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WWPC Prepares for Mosquito Season Following Worst Year of West Nile Cases since 2013

by Wyoming Livestock Roundup

Spring has officially arrived in the Cowboy State and with it the return of many insects and pests carrying diseases which could impact the health of livestock and Wyomingites alike.

Warmer weather accompanied by an increase in standing water due to melting ice and snow has created ideal breeding conditions for mosquitoes across the state.

While many species of mosquito can be nothing more than an itchy nuisance, some species, like the Culex tarsalis mosquito, can spread West Nile Virus (WNV), a virus which can be fatal in serious cases. 

Coordinating control efforts

This is why the Wyoming Weed and Pest Council (WWPC) is trying to learn as much as possible about the state’s mosquito population before adults begin hatching for the year.

“We’ve been out dipping for mosquito larvae, and we’re finding some pretty significant quantities,” says Brian Songer, assistant supervisor for the Sheridan County Weed and Pest District. “We bring them back to our office and watch their development daily and try to determine when the adults will start hatching.”

WWPC, along with the Sheridan County Weed and Pest District, have developed a partnership with the city of Sheridan and the towns of Dayton and Ranchester to coordinate mosquito control efforts. The program is a critical measure to prevent the spread of diseases typically transmitted through mosquitoes.

“We try to identify the larvae and predict which adult mosquitos are going to emerge,” explains Songer. “By doing this, we can predict when we’ll start seeing adults and whether they are a simple nuisance or carry WNV.”

Wyoming WNV cases

Wyoming saw a sharp increase in the number of reported WNV cases last year.

According to the Wyoming Department of Health, just three human cases of WNV were reported in 2022. However, 27 human cases occurred in 2023, an average of 4.8 cases per 100,000 people, which far exceeded the national average of 0.7. 

Four fatalities were also reported – the first WNV-related deaths in Wyoming since 2018.

Humans are not the only ones at risk of catching WNV. Animals, particularly horses, are also at risk of exposure with nearly 50 instances of equine-related WNV cases last year, an alarming increase from just a single case the year prior.

“We are very concerned the trend will continue, and this is why we’ve ramped up our program, trying to get out and predict where the mosquitos are and make our larval treatments more effective,” Songer says.

Tips for minimizing

WNV risk

Following what was considered the worst outbreak of WNV in 10 years, WWPC is advising individuals to prepare themselves for mosquito season and is offering tips which can help protect people and their families, while cutting down the number of mosquitoes carrying the virus.

First, WWPC advises individuals to minimize standing water sources on or near their property. This may include buckets, old tires or anywhere puddles form. 

According to Songer, “It could be as small as a water bottle cap or as large as a cattail swamp area.” 

Also minimize stagnation of irrigation waters by avoiding over-irrigating on saturated soils and by draining pastures of excess water. Ensure irrigation structures are in good working order and remove any blockages in ditches and culverts. Keep water from collecting in low-lying areas.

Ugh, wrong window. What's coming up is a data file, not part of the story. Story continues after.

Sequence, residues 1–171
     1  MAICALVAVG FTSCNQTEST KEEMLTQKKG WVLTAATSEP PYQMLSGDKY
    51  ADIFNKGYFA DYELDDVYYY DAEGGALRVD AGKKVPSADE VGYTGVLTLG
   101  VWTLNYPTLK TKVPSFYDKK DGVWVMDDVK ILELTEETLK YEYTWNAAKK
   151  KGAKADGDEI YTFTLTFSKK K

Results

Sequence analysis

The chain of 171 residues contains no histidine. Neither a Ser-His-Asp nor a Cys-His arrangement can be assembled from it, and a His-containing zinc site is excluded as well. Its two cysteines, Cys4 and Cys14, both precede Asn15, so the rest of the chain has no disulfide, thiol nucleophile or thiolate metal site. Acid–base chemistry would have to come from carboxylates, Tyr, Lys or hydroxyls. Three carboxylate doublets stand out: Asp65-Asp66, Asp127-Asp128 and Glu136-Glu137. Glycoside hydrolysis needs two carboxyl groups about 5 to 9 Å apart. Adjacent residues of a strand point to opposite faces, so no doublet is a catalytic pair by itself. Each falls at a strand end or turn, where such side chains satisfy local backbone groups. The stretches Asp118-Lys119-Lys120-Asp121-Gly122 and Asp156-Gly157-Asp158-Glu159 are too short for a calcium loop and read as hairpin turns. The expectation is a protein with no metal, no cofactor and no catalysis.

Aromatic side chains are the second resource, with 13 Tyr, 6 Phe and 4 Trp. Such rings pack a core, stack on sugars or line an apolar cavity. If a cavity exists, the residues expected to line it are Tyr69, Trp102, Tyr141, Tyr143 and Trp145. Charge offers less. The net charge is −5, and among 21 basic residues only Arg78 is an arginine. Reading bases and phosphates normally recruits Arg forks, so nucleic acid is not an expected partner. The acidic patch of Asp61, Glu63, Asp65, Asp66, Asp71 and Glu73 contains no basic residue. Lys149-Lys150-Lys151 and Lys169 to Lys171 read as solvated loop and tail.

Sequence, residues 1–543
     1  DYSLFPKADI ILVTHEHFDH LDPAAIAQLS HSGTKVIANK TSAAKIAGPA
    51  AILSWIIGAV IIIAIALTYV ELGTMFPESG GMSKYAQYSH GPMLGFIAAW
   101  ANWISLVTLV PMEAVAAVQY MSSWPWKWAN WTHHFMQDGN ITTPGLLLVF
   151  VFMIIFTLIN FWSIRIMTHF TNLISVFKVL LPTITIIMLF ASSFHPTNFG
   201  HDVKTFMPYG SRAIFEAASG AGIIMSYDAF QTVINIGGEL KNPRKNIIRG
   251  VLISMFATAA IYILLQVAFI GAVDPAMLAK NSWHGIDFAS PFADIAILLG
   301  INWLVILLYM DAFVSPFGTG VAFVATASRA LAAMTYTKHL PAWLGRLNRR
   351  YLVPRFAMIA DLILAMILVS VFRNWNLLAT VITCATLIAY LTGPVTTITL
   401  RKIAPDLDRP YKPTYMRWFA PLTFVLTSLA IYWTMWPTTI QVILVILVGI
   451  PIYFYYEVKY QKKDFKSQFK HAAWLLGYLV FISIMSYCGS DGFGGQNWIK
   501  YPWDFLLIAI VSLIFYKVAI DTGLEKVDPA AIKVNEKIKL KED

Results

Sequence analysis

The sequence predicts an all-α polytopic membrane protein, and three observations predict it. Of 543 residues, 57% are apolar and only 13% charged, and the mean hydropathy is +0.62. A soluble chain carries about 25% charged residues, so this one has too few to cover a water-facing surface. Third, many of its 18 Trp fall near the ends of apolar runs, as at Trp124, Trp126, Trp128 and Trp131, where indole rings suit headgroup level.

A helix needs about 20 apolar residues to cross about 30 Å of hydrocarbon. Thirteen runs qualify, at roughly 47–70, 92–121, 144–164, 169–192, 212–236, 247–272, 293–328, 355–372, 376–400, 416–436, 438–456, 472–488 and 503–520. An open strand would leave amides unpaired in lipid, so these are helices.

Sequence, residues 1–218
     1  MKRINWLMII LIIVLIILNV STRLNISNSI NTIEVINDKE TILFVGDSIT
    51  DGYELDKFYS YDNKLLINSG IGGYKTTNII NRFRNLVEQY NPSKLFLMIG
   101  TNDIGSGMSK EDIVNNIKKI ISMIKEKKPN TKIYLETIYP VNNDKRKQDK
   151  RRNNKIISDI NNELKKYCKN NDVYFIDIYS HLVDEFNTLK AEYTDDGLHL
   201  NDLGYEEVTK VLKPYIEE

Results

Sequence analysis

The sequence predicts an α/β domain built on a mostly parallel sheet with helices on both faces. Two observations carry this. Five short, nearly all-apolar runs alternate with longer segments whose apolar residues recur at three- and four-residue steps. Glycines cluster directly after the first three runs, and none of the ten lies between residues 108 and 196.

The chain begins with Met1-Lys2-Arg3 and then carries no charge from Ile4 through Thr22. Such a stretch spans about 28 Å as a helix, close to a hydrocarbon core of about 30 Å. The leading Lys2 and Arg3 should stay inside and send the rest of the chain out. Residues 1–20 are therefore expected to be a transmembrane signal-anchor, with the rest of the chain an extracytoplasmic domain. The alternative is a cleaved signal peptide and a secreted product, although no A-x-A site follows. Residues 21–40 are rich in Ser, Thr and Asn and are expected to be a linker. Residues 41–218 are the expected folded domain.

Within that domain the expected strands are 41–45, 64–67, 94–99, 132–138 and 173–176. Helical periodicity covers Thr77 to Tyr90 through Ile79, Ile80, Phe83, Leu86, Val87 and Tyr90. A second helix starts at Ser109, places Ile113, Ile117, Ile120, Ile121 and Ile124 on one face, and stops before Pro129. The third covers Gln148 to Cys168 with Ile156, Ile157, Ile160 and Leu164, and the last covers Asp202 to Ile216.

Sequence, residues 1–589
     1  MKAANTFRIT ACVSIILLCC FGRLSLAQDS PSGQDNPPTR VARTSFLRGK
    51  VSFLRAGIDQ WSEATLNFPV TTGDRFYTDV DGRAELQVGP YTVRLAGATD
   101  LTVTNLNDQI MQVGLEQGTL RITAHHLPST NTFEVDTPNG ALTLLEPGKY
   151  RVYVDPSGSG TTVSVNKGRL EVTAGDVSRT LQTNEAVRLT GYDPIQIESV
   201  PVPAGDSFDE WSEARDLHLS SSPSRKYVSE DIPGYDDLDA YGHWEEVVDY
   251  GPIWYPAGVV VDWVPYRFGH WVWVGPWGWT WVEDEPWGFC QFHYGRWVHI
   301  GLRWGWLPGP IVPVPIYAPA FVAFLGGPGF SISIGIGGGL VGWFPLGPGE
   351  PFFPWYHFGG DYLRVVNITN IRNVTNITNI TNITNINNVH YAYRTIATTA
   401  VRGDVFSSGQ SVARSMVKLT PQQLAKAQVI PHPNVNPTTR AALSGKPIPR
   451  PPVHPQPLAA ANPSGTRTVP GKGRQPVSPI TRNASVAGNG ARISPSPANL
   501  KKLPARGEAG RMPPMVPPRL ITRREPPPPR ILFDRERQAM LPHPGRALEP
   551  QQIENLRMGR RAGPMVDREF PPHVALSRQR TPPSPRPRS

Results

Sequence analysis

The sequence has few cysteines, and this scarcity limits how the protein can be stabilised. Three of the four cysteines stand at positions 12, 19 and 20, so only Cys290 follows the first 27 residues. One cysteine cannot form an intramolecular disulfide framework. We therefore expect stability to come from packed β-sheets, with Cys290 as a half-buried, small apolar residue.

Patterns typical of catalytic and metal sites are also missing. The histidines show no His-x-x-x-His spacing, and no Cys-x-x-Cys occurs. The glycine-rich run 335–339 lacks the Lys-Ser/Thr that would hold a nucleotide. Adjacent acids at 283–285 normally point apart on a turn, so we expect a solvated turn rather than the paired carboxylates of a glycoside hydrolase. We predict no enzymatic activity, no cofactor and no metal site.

WWPC also encourages individuals to protect themselves from exposure to mosquito bites. Mosquito-proof or long sleeve clothing can be effective at keeping the bugs at bay, as can treating boots, pants and socks with Environmental Protection Agency (EPA)-approved repellant. 

Songer notes the EPA has a useful guide on their website to help choose which repellents to use.

WWPC notes it is also important to protect infants and children by covering their arms and legs. If using repellent, make sure the ingredients are suitable for children and apply using hands, avoiding eyes, mouths, cuts and the child’s hands. 

If using sunscreen, apply before spraying repellent.

Additionally, horse owners should be sure to get their horses vaccinated for WNV in the spring. Ensure the horses are turned in at dusk and dawn which are the times when mosquitos are most active. Fans and sprays are also effective deterrents.

Lastly, be on the lookout for symptoms of WNV. 

According to the Centers for Disease Control and Prevention, most people do not experience any symptoms. However, some people may experience a fever, headaches, joint pains, vomiting, diarrhea or rashes. 

If a person thinks they or a family member have contracted WNV, they should contact a doctor. Contact the WWPC if a person or an animal is diagnosed to help guide surveillance and treatment efforts

“WNV has the potential to spread quickly among livestock and among the human population of Wyoming,” said Mikenna Smith, president the Wyoming Mosquito Management Association and member of WWPC. “The good news is by taking necessary steps to protect ourselves, the virus can be mitigated before it even starts.”

WWPC is comprised of 23 weed and pest districts in the state of Wyoming. The council works closely with the Wyoming Department of Agriculture and the University of Wyoming to keep current with the latest technology and research available in the ongoing management of noxious weeds and pests. The overall mission is to provide unified support and leadership for integrated management of noxious weeds and pests to protect economic and ecological resources in the state.

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